FEDERAL CONTRACTING; Opportunities Exist to Increase Competition and Assess Reasons When Only One Offer Is Received
GOVERNMENT ACCOUNTABILITY OFFICE WASHINGTON DC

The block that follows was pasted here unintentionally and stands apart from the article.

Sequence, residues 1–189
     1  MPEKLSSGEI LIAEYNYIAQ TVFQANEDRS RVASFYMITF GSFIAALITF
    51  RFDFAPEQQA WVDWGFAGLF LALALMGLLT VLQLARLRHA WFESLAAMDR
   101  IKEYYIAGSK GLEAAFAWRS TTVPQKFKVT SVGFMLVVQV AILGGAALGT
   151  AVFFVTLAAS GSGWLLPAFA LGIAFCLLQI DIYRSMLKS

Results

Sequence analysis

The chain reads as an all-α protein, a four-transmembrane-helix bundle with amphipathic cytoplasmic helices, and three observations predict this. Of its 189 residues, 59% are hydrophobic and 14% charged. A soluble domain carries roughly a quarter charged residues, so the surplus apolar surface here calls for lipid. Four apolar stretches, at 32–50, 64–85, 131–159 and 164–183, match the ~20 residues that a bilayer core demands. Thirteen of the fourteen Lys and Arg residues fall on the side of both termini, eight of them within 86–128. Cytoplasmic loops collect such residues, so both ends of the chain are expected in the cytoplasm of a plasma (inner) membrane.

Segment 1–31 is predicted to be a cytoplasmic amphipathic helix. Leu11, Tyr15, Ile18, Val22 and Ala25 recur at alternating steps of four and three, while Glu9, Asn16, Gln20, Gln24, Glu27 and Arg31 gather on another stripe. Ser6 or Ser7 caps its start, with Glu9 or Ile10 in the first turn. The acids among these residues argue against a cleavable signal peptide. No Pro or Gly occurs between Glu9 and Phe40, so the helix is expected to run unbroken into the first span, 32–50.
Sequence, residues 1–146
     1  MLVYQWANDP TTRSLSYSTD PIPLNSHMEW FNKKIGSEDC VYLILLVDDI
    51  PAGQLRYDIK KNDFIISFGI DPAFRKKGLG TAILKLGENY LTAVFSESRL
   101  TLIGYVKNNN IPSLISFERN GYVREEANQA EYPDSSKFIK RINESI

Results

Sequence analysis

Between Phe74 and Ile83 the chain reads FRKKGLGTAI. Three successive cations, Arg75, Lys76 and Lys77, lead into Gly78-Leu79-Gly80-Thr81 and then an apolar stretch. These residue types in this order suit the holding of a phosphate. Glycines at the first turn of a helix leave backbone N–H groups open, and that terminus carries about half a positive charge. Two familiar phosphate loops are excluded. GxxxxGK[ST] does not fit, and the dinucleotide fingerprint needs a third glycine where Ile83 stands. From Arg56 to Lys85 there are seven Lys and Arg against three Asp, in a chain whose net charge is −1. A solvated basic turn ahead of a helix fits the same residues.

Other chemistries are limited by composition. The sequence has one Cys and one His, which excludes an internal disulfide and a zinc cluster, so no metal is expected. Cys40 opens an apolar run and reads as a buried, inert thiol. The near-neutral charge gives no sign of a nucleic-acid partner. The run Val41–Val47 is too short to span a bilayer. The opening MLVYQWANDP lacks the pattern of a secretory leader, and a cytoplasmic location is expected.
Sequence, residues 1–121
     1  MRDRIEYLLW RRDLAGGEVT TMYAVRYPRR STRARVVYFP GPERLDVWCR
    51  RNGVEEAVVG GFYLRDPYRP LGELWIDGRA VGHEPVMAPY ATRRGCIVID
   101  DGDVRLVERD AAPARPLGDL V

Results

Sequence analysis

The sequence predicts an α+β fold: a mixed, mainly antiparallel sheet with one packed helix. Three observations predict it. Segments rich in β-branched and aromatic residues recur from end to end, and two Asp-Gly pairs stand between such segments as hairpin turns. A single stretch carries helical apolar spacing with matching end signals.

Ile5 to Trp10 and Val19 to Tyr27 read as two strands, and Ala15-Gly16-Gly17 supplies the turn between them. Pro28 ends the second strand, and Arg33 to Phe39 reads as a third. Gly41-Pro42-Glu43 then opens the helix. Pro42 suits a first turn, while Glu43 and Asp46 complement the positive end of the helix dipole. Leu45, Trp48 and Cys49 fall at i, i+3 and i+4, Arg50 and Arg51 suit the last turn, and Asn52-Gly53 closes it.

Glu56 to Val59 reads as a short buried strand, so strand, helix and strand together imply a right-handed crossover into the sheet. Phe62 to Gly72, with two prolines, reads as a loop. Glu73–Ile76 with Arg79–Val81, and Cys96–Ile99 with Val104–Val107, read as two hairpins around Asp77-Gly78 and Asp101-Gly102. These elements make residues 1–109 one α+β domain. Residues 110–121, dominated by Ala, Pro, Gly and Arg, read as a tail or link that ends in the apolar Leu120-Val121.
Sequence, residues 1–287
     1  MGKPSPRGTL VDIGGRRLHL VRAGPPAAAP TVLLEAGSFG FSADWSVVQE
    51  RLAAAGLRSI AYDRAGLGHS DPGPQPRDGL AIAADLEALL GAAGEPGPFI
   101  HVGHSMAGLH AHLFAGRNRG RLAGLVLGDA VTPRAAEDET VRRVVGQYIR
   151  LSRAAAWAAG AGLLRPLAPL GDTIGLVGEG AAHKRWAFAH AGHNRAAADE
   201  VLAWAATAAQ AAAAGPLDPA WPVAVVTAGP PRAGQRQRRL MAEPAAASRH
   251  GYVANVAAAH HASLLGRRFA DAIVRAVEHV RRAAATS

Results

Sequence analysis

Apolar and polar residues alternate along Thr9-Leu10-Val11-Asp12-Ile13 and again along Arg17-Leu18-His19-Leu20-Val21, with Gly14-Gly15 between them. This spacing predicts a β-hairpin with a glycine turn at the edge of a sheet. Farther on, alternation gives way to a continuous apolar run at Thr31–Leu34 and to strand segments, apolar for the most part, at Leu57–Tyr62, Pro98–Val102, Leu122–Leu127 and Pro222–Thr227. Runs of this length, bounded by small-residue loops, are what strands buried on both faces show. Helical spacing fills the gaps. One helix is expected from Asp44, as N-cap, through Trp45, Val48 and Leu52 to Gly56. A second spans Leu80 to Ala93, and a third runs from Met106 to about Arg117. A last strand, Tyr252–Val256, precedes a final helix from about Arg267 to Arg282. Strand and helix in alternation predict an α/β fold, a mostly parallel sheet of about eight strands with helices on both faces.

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Competition is a cornerstone of the acquisition system and a critical tool for achieving the best possible return on investment for taxpayers. The benefits of competition in acquiring goods and services from the private sector are well established. Competitive contracts can help save the taxpayer money, improve contractor performance, curb fraud, and promote accountability for results. While federal statute and acquisition regulations generally require that contracts be awarded on the basis of full and open competition, they also permit federal agencies to award noncompetitive contracts in certain circumstances, for example, when only one vendor can supply the requirements or when a sole source award is made under specified small business programs. The government obligates tens of billions of dollars every year under noncompetitive contracts. Further, the government obligates billions of dollars annually under contracts that are awarded competitively but for which the government receives only one offer-situations the Office of Management and Budget OMB has recently cited, along with noncompetitive contracts, as high risk.
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